Indeed, I have personally been friends with him for a long time. I even went to his wedding – in 2011, I think – in Coventry. He married Kerri, who died on January 8 last year. They have both been at my house often, and I have been at theirs too. The story of our friendship could be a book... It started when Der Klinke was on a bill with Attrition at a festival in Portugal, around 2010 or so. The festival turned out to be a scam, orchestrated by someone from a mental institution. ‘The Great Goth'n Roll Swindle’, we called it.
Together with the other bands, we started a group on Facebook to share our doubts and do some research. That ‘organizer’ had supposedly released a compilation LP a few months earlier, but no one had ever seen it. People who bought these never received them either. Anyway, that's how Martin and I became closer.
The song ‘Closing In’ is about an unrealistic longing and loss. It was very emotional for Martin to record these sentences shortly after Kerri’s death, but he did it for us with great pleasure. He had also previously done a guest vocal for ‘The Game’ on 2012’s ‘The Second Sun’. When you see that music video, filmed in Ostend, you see both Martin and Kerri.
The song ‘You're Looking Good In An Elevator’ has become a modest hit. It was played on Radio Willy in Frlanders. In the video, we see different personalities appearing: Marcel Vanthilt, Dirk Ivens, Sam Louwyck, Nel Mertens... How were you able to involve those people in the clip?
They’re all friends too, and that actually helps. For Dirk Ivens and Marcel Vanthilt, it was ideal to go to a performance by Arbeid Adelt in De Casino van Sint-Niklaas, where Dirk Ivens was the support act with Motor!k. There is an elevator there, and Nel was also present there. (laughs) The friendship with Sam Louwyck became even closer after our kiss at the end of the clip. (laughs) But he had been friends with Dominique, the wife of Marco, our guitarist, for some time. She has asked his cooperation for this video.
The lyrics of ‘All The Right Wrongs’ were written by Filip Heylens from Wegsfeer. It deals with a very sensitive subject: suicide. Is it about Filip’s personal experience? Was the song written with ‘Facing Fate’ in mind?
Once we start working on a new album, all the songs are written for it anyway. There are always many songs that do not make it onto the final album, but we can then take them with us for the next album. Initially, I just asked Filip to sing the chorus. I had a different text for it at the time, but Filip kept playing the instrumental demo in his car, and then came up with the idea for that completely different text and extra guitars. I would like to let Filip himself tell you about the text...
Filip Heylens : It's not literally about suicide, but about choices and the confusion that those choices entail. It's about the impossibility of some decisions. About how every choice you make opens a door but also irrevocably closes a door. About how rationality sometimes takes over emotionality and vice versa... How you sometimes know that what you are going to do or decide is wrong, but you do it anyway...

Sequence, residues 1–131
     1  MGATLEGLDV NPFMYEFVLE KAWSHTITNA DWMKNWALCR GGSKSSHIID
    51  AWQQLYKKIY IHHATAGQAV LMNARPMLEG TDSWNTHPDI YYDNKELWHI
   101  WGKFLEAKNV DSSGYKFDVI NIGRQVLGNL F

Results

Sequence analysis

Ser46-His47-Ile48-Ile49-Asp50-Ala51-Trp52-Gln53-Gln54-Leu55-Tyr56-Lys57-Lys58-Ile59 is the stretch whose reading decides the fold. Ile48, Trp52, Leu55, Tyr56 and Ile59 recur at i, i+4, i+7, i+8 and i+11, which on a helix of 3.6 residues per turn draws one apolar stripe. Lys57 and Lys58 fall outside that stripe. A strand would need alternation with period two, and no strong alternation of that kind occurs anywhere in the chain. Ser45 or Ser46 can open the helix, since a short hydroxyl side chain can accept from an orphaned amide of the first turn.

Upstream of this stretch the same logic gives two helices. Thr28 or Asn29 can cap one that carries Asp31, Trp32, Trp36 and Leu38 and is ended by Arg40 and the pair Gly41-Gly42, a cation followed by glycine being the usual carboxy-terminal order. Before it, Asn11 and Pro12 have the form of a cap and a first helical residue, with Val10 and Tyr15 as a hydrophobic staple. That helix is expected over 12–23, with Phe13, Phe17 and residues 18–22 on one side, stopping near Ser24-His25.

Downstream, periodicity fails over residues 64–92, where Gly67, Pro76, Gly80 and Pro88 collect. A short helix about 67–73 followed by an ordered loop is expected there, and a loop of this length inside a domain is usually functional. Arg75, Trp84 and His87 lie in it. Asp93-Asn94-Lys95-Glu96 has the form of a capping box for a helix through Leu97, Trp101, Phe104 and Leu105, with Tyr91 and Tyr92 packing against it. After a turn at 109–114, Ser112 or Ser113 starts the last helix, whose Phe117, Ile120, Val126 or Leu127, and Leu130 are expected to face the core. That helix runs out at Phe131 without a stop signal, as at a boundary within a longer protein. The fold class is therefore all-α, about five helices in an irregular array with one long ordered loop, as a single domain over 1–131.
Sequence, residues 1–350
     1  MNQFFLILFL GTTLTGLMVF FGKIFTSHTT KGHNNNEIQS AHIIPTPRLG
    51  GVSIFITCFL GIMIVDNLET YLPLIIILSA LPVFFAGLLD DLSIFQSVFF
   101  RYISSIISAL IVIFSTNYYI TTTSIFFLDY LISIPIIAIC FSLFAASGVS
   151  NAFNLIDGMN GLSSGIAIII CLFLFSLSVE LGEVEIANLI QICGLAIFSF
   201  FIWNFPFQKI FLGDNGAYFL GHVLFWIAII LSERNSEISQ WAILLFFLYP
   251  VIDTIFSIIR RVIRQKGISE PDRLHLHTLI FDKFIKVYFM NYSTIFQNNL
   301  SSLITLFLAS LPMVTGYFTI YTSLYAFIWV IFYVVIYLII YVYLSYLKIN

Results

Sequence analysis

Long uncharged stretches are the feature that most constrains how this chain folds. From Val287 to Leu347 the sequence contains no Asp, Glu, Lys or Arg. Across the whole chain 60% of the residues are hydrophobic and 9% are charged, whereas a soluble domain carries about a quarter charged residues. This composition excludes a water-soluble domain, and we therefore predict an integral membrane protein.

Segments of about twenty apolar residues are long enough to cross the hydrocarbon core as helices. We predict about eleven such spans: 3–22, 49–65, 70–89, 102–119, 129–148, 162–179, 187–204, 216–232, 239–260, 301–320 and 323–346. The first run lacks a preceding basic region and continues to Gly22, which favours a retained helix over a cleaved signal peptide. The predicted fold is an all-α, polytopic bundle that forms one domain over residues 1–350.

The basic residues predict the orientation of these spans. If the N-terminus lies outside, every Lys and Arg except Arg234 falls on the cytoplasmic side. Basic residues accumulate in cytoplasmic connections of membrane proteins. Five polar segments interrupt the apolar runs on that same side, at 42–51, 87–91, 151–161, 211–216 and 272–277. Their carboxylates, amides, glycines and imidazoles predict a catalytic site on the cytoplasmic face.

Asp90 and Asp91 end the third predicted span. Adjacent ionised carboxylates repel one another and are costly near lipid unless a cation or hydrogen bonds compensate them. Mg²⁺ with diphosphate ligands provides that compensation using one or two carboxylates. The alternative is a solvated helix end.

You wrote 'Absolutely Nothing' for your mother who suffers from dementia. In 2008 you moved back in with her to care for her, and she now lives in a residential care center. Does this situation weigh heavily on you?
It means constant switching and having to accept each new stage of dementia. I visit her every day, but it is especially those visits that weigh heavily, because she no longer recognizes me and all that.
The song ‘Facing Fate’, the seven-minute closing track of the record, reminds me a lot of ‘Faith’ by The Cure. Was that a deliberate reference?
No, absolutely not. We already had the title of the record in 2020. The final title track was created by a jam session during a rehearsal in which Sam played that bass line and Marco found a suitable guitar line for it. That was recorded with a mobile phone and then properly recorded in our studio later. The final result is indeed the closest to The Cure we've ever done, but it just grew without prior intention.
I see that there are quite a few concerts planned for the near future. Has it become easier to find gigs? What are Der Klinke's future plans?
Because Red Zebra is currently inactive and I also stopped with The Bollock Brothers – indeed! –, we can all fully devote ourselves to Der Klinke. We used to refuse a lot of requests for performances because a date was already taken for one of the other bands.
We actually need a good booker and promoter, but for the time being we are doing all of this ourselves and things are going well. We have grown into a very strong band live, which means that the demand for performances naturally also grows.
In addition to performances, we also hope for a new release next year, but we now also have to look for a label that can and wants to collaborate with us.
Picture: Luc 'Who Cares' Luyten